Figure 2 shows how different sectors across the whole of the UK will be affected by the transition to a green economy.

Figure 2: Jobs requiring upskilling, existing jobs expected to be in high demand in a net zero economy, and jobs not significantly affected by the transition, by sector

Source: Place-based Climate Action Network

What does net zero mean for the UK geographically?

Whilst much discussion points to net zero being a positive contributor to the UK’s economic growth, less is said on the spatial implication of the transition . Given the rapid uptake of green economy initiatives, it is anticipated that geographical disparities will emerge, with some local areas benefitting from employment growth and others coming under economic pressure.

The South East’s relatively low level of high-carbon industries suggests the region stands to gain the most from the transition in terms of employment opportunities. The Levelling Up White Paper states that the largest (negative) socio-economic impact will be on areas outside the South East, particularly in the Midlands, the North, and Scotland, where one in every two jobs in these areas are in carbon-intensive industries, and therefore most susceptible to the negative impacts of the transition to net zero.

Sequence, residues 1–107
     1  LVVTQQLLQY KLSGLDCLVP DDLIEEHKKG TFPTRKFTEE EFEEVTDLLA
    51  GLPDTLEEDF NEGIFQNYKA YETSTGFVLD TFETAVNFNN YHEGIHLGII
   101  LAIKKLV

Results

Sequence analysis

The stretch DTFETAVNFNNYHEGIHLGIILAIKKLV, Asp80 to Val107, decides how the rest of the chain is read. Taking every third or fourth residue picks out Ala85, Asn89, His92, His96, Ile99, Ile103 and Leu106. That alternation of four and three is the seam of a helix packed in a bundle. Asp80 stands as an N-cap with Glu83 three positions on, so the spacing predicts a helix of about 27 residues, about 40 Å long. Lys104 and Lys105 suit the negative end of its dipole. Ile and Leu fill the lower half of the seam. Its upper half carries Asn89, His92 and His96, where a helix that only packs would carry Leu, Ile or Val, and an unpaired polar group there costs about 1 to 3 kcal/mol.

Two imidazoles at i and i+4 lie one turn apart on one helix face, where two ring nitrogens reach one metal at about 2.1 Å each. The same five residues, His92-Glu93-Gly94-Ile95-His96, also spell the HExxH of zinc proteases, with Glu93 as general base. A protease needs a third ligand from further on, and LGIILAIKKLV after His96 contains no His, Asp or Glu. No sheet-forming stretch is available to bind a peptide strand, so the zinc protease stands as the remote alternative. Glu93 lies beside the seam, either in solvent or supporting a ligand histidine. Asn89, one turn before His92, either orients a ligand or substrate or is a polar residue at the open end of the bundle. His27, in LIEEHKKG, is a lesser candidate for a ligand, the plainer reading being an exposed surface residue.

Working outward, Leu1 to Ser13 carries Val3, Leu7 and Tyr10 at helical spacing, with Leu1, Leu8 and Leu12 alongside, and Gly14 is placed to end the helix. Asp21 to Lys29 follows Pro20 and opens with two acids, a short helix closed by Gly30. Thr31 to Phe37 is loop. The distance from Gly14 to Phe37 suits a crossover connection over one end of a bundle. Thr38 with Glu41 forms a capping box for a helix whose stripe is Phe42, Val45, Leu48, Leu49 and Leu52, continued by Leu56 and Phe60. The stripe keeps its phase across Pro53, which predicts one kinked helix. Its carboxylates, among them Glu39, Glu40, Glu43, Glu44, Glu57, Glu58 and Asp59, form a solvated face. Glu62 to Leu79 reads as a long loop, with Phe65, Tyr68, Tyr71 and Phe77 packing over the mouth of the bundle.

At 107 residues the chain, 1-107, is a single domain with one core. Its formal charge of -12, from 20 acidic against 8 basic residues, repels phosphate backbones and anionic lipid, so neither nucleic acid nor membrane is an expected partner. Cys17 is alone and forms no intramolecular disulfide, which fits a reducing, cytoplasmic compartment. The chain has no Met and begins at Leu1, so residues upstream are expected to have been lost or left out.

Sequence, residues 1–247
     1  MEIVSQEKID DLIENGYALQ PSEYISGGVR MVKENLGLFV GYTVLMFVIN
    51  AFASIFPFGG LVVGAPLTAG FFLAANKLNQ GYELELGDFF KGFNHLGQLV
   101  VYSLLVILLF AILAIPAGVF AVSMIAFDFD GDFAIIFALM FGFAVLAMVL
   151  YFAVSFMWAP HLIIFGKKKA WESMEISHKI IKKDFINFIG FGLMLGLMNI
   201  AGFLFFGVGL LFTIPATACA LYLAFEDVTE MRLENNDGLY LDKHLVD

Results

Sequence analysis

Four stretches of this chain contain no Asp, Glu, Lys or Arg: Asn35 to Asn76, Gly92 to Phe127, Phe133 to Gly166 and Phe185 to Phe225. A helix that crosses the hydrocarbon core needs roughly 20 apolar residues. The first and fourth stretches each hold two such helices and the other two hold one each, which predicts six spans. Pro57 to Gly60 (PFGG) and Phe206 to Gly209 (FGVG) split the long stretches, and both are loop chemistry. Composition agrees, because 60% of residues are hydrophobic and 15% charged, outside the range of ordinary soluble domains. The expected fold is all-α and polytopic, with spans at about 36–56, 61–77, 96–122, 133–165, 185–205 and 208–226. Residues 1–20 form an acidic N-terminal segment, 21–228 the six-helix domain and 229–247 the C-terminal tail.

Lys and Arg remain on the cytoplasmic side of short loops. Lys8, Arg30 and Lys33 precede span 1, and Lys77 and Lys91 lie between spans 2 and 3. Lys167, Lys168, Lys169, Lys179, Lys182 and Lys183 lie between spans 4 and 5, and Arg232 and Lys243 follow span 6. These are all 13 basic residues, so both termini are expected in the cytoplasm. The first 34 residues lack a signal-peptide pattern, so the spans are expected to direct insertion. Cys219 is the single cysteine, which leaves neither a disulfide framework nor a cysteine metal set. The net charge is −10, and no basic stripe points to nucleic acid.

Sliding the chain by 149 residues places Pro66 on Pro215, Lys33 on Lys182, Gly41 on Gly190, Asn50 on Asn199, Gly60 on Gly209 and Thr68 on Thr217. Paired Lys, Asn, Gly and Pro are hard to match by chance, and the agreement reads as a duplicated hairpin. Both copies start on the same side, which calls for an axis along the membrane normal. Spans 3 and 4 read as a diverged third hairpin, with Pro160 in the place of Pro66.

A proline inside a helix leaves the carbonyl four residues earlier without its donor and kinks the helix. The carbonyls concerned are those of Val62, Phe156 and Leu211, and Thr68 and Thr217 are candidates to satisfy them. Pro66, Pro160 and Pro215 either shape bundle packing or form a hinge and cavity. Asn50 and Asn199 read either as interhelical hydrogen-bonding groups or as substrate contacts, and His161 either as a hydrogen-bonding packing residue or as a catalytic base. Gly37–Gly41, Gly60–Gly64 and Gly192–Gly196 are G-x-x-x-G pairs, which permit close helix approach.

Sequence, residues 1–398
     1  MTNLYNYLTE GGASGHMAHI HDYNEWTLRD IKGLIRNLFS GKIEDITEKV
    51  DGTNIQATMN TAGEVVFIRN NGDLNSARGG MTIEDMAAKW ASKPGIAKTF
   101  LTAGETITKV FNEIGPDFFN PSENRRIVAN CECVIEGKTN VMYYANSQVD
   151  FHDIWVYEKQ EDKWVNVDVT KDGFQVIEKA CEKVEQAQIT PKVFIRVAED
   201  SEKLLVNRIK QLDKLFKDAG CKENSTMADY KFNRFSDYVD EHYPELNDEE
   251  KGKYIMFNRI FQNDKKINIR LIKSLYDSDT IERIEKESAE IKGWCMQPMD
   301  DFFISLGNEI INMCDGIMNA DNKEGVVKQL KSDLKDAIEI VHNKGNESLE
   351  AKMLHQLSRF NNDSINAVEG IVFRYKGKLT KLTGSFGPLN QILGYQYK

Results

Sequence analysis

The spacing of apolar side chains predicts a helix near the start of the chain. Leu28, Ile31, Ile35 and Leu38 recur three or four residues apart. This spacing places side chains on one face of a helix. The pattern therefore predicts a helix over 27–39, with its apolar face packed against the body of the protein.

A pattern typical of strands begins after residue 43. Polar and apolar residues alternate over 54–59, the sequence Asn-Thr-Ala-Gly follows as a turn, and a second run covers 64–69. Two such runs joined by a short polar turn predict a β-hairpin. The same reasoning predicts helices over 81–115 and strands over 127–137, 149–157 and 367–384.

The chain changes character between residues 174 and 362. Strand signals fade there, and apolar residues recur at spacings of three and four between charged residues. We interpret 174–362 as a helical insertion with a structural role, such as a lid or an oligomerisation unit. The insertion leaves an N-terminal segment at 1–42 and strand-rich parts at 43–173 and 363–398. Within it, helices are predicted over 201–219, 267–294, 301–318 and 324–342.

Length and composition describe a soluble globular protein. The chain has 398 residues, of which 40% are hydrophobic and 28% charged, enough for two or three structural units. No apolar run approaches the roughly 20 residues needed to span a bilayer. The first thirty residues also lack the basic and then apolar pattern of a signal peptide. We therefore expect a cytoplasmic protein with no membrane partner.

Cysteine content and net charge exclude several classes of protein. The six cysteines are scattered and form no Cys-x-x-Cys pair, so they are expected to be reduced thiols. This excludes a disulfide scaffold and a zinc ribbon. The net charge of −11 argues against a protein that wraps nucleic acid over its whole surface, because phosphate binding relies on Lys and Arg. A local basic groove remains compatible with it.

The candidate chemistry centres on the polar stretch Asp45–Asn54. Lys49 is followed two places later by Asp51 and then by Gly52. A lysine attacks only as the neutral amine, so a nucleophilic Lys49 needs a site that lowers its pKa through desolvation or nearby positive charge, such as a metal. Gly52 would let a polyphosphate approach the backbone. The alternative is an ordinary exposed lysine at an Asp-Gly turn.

Nevertheless, with the right investment – particularly in skills and training – areas across the UK could benefit from the expected growth in renewables, electric vehicle manufacturing, hydrogen power, and carbon capture, utilisation and storage (along with the supply chain benefits associated with growth in these industries).


The green economy is set to reshape the structure of the UK socio-economic systems, impacting the UK’s geographies and sectors. There is the potential that such shifts will allow the opportunity to capitalise on growing green industries and the service sectors that are set to support them. Significant upskilling will also be required to support the employment transition away from high carbon-emitting industries, particularly in the Midlands, the North, and Scotland.

This insight piece has reflected how the transition towards a green economy will come hand in hand with economic development through increased employment in green sectors. In part 2 of this insight piece, we will consider some of the many other factors that will contribute to shaping a net zero UK economy – including changing modes of transport and changing demands and supplies of employment premises.

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[1] ONS Business Register and Employment Survey